In 2010, you were appointed as Shaliach, Chabad-Lubavitch Emissary to Portugal. Usually emissaries don't stay long in a country. What motivated you and your wife to choose to live in Portugal?
From a young age I knew I wanted to be a Shliach, an Emissary of the Lubavitcher Rebbe. I grew up living in the Rebbe’s neighborhood in Brooklyn, New York, and as a child I would spend hours and hours listening to his talks in Yiddish, which I could not understand at the time, but as an adult I look back to those moments which shaped the course of my life.
In 2006 still as student I volunteered to spend my summer break as part of the Merkos Shlichus Program. This program was instituted in the 1940’s, where every summer Chabad Yeshiva students would be dispatched across the world to visit small Jewish communities. It was during this year that I first visited Portugal.
I was one of a long number of groups of students who would be visiting each year from New York. It was during these visits that people would ask “why isn’t there yet a Chabad House in Portugal when every other country in Europe has one?”
From that first visit in 2006, I maintained connections and friendships within the Jewish communities in Portugal. When my wife Raizel and I got married in 2008, we visited Portugal together and from that moment Portugal never was far from our minds, with encouragement from the Chabad Headquarters in New York, we arrived as a family in the end of 2010.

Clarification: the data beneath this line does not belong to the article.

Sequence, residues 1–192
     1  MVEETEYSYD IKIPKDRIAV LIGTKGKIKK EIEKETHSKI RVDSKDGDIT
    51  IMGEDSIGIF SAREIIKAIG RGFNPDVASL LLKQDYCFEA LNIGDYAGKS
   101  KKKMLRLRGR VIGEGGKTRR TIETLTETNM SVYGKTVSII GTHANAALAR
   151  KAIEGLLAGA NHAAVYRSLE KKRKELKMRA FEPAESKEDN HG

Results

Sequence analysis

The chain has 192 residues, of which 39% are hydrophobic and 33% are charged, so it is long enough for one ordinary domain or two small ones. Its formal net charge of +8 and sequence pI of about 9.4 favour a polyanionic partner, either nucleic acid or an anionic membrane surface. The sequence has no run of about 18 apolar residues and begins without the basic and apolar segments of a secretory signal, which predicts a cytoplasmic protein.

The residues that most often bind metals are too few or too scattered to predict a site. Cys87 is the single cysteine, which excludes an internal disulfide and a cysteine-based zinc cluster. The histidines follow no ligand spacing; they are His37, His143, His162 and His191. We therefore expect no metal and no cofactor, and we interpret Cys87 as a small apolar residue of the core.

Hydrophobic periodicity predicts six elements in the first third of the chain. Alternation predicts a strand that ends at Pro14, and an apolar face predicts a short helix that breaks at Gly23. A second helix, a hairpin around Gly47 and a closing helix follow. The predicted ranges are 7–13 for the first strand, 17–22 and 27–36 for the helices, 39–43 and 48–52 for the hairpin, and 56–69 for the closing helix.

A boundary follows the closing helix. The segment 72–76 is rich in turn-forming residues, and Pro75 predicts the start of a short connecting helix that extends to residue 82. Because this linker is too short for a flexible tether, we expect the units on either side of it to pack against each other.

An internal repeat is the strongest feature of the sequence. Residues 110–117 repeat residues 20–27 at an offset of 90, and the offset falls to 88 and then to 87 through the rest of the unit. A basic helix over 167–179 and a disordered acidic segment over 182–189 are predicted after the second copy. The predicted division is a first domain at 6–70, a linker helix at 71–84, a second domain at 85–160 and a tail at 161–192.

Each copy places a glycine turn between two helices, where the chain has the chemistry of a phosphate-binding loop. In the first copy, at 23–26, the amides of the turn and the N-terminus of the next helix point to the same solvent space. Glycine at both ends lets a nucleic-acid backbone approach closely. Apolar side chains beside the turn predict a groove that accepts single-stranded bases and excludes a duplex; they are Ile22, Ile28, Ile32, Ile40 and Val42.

How, then, did you find Jewish life in Lisbon and in Porto?
From our first moment in Portugal, we right away felt very welcomed and part of Jewish life in Portugal. We immediately recognized that we weren’t moving to a country that was merely beautiful, but a country that had along an impressive Jewish tradition.
From medieval times and to the modern era, Portugal has always played a pivotal role in Jewish history. Both in Lisbon, where we first lived, the CIL was on the cusp of celebrating its 100th year since official government recognition, and in Porto a short while later they were celebrating 75 years from the opening of the Synagogue. We realized we were part of a beautiful mosaic of Jewish tradition and were proud to be part of it. We also made friendships with people in Belmonte, Algarve, and Ericeira. And other parts of the country.
What differences exist from that time in both cities and all the country, to the present day?
The first few years in Portugal were beautiful but also challenging, the country was experiencing the heavy toll from the recession and economic crisis and many young people were leaving to look for work outside of Portugal. It is amazing to see the turnaround that has occurred in such a sort amount of time, and the great growth of Jewish life in Portugal.